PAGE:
Films that deal with LGBT issues and characters hardly get a wide cinema release. Despite having entire film distribution companies devoted to the subject (Peccadillo Pictures for anyone interested), unless it’s something that has swept the pre-award/festival circuit, for example Blue Is The Warmest Colour or Carol then it hardly gets an audience. The Danish Girl has been on the festival run already, so now in cinemas, how does it fare?
The Danish Girl stars Eddie Redmayne, Alicia Vikander, Matthias Schoenaerts, Ben Whishaw and Amber Heard and is directed by Tom Hooper. Based on a true story, the film follows Lili Elbe, who was born as Einar Wegener, and was one of the first people to have sex reassignment surgery.
The actors and actresses throughout The Danish Girl are one of the reasons to go watch it. While there was controversy to begin with over whether the role of Lili should go to a trans actor, in the end the role went to Eddie Redmayne and he does a stellar job of laying both Einar and Lili. While watching I was reminded of the dual performance of Tom Hardy in last year’s Legend, and just like Hardy, Redmayne manages to create two very distinct characters, both with different mannerisms, goals and talents. It’s not even the physical differences of the wig and make-up that create the main difference, it’s all down to Redmayne’s ability as an actor.
The actress opposite Redmayne is Alicia Vikander, who plays Einar’s wife, Gerda. 2015 seemed to have been Vikander’s year, with several high-profile castings, all the way from blockbusters (The Man From U.N.C.L.E.) down to indie auteur pieces (Ex Machina) and just like her performances then, her performance in The Danish Girl is exceptional. Her portrayal of a woman who first made a game out of her husband’s identity issue, only for it to turn on her and wreck her marriage is heartbreaking. During the film she blames herself for losing her husband and asks Lili to turn back and “find” Einar and in the process shows a wide variety of emotions, which should definitely get her nominated during the award season.
In many respects, The Danish Girl plays much like a traditional love story, the only major difference here being is that one character is transgender rather that fitting into the male/female binary choice. Lili and Gerda still have intimate scenes even when Einar has “died” (Lili’s words) showing that it’s what’s on the inside that counts.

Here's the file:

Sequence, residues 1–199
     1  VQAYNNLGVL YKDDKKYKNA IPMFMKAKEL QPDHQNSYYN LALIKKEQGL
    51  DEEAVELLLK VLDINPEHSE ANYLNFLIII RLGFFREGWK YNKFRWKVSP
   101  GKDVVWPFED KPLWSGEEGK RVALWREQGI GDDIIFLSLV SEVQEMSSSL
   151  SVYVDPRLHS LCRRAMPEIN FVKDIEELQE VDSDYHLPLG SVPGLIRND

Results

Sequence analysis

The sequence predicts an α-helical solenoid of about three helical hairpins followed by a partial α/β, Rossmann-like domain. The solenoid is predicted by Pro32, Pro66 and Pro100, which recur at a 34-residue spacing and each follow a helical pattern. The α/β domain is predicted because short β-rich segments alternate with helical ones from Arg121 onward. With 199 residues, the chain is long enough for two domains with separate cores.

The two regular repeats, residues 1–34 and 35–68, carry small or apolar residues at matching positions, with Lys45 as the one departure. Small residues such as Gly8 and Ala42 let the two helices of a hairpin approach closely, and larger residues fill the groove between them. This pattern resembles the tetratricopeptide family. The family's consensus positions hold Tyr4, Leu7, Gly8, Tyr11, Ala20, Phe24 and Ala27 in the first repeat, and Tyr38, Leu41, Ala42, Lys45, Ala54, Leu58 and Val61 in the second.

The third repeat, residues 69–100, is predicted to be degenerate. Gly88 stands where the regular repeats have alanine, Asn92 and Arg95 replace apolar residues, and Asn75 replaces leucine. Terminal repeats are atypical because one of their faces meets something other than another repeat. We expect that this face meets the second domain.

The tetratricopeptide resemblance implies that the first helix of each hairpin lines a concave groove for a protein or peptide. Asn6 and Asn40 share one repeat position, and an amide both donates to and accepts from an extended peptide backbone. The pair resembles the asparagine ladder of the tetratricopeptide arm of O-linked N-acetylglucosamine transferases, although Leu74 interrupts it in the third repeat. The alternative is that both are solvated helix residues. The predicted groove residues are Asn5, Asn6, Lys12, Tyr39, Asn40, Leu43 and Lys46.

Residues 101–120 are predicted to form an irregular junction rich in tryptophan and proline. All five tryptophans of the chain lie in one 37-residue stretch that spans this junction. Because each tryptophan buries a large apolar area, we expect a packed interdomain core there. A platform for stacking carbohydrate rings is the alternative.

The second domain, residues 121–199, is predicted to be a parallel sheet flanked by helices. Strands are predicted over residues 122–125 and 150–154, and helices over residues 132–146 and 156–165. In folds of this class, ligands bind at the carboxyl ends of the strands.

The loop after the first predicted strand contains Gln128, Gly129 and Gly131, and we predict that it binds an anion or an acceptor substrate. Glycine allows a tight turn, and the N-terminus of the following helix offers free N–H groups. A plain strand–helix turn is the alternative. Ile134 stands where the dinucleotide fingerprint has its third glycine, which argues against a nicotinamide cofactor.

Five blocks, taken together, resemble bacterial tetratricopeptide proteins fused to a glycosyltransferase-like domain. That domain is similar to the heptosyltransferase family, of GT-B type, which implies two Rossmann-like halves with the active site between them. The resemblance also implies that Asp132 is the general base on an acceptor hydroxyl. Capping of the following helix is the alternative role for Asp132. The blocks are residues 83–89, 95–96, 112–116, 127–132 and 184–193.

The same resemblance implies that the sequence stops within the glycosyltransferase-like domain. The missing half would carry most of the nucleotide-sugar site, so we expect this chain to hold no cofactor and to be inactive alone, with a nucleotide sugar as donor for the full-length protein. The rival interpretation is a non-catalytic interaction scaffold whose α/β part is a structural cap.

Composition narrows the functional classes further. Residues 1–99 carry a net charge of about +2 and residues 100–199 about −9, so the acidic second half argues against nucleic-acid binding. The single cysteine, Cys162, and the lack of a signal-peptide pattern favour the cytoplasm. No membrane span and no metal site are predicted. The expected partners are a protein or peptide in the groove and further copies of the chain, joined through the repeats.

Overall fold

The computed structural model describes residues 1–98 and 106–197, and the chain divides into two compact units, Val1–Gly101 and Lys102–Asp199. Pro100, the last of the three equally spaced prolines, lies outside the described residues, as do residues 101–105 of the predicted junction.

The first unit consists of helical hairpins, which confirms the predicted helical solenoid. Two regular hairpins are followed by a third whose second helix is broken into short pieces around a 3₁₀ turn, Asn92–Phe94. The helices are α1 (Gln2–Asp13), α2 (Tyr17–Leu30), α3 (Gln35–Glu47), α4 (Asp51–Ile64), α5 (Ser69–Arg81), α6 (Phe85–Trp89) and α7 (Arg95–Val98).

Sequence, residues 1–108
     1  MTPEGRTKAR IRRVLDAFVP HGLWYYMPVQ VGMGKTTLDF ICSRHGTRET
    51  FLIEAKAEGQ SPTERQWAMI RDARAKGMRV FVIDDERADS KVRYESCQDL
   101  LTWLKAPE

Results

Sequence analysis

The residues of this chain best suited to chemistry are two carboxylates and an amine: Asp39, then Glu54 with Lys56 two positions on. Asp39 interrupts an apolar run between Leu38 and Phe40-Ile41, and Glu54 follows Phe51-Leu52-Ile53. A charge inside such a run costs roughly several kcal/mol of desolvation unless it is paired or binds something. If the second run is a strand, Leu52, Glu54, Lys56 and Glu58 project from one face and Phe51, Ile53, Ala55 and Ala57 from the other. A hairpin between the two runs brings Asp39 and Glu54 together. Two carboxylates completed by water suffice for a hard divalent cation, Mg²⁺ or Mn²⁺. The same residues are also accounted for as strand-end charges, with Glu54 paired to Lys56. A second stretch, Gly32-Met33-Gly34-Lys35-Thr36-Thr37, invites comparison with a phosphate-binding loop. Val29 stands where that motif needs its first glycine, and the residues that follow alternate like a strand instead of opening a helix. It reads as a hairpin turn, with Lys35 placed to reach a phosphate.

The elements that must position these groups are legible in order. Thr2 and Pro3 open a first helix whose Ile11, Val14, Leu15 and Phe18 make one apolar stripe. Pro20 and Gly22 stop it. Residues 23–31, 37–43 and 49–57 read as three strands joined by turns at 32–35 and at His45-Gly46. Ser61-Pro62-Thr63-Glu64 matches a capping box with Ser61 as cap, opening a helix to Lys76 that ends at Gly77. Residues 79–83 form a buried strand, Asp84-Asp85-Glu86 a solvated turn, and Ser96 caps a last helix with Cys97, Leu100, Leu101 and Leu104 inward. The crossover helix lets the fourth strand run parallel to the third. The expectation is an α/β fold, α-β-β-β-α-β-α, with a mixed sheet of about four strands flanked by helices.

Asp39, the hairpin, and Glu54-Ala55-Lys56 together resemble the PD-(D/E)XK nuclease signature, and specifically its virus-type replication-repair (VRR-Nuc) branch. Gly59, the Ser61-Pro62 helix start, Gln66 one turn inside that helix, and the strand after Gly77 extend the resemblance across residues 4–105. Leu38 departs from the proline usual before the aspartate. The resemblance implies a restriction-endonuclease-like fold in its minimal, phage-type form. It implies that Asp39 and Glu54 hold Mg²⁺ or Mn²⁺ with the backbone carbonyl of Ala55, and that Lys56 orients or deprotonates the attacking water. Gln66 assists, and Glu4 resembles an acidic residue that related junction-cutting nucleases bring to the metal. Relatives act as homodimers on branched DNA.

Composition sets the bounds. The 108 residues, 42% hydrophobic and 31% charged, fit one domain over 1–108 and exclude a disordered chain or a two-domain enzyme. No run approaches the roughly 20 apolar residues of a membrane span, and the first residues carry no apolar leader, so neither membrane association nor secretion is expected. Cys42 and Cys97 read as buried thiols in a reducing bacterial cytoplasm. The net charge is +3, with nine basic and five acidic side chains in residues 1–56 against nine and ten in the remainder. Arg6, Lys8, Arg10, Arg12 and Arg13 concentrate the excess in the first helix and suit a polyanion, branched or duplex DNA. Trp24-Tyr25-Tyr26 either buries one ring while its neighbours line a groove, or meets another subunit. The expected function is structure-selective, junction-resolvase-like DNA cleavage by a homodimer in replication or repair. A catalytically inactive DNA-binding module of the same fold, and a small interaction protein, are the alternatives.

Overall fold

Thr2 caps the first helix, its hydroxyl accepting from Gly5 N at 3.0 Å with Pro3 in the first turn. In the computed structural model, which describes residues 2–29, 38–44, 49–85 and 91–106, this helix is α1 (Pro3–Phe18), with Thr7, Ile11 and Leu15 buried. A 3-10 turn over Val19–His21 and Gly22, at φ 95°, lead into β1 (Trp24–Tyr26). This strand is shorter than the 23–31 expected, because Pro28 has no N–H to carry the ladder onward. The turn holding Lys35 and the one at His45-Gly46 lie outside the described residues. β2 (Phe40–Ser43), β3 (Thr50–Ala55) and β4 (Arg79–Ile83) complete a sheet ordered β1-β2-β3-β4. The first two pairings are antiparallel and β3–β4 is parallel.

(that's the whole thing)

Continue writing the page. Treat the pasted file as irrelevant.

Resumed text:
While watching, my enjoyment fluctuated majorly over the films run time. After thinking about it, I’ve pinned it down to the three act structure, with each act seeming to drag on for too long. The first act we see Einar becoming Lili, the second we see mainly Lili and then the third act where the reassignment surgery takes place. The film is easily broken into three parts, and each one starts strong before just dropping into a much slower gear or similar scenery to the rest of the film. While the second half of part two and the final third of the film are the best sections, getting to these points flips from one end of the scale to the other, with it being sometimes engaging and at other points incredibly pedestrian.
My other complaint of the film is that it’s rather too well constructed. Everything from the inch-perfect make-up to the dresses that Redmayne wears all feels a bit too overdone and artificial somehow. This, coupled with the sometimes overracting of the actors and actresses (not a fault of theirs, more to do with a sometimes flat and awkward script), it starts to become a bit too superficial, instead of delving into Lili’s mind it sits back and looks at her and her outfits.
In summary, The Danish Girl has some great actors and actresses at the helm, along with an acclaimed director, but it falls apart when it concerns itself with surface, and is redeemed when it gets back to the characters.
Score: 6/10 After the excellent 2015, 2016 is off to a steady start.